Book Club Reading: Ali Smith’s How to be Both
I am not a book club person, in fact, the thought of joining a book club produces fear; the idea of seeing the same people every month and having to deal with their idiosyncrasies is just too much for me. Three months ago, my friend asked if I had any suggestions for her book club. I immediately said Ali Smith’s How to be Both because it is by far the most brilliant novel I’ve read in the last year.
Everyone in this book club resembled each other; they were all tall, blonde women between the ages of 29-34. Interestingly enough, I had expected there to be at least one man. My last book club was almost evenly split, there were four men and six women.
There we were at Barnes & Noble with our various Starbucks beverage preparing to discuss How to be Both, but what I found surprising were the meticulous notes that everyone had taken. Pages and pages of notes on George and Francescho. They seemed truly taken with George. She is one of those characters that captures a reader’s interest; in fact George’s grief became the focus of our discussion. At some point one member pointed out George sitting in Room 55 of the National Gallery staring at del Cossa’s painting strongly reflects Smith’s theme of duality. The fluidity of time and gender was perhaps one of the most fascinating themes of Smith’s novel, it led to an brilliant discussion. Present day George and her mother could not decide whether Francescho was a man or a woman while the painter initially believes George to be a boy, these gender ambiguities are thought-provoking.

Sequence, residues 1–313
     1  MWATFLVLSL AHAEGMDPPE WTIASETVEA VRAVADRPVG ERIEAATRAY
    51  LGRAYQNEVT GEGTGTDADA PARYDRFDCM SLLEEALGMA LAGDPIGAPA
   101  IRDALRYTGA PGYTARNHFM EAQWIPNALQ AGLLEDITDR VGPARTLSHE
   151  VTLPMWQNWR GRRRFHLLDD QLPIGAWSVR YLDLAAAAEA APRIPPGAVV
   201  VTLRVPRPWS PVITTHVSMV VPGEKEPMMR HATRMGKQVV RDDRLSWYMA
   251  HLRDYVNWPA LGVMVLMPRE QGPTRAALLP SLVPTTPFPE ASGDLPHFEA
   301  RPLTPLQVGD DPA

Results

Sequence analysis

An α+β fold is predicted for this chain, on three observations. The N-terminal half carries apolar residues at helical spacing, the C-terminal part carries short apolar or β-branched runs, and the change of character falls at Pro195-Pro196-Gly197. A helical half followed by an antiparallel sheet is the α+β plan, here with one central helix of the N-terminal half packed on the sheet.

We explored the connection between George and Francescho, how art transcends time and cultures; one benefit of being in a book club is seeing characters through the eyes of others. What we discovered was the depth these characters give to each other; George’s connection to del Cossa was interesting to explore with such differing views. But we all came to the conclusion that del Cossa’s frescoes held memories for George (the trip to Italy with her mother), we loved how Ali Smith drew the connection.
My past experiences with book clubs have been less than positive, but this was different. I watched as they fell in love with Ali Smith’s book, I imagine this is just the beginning; they’re making plans to read There But For The and Artful. I wanted to tell them about War of the Encyclopaedists but they are bewitched with Ali Smith. Who can blame them?
You can find the book here: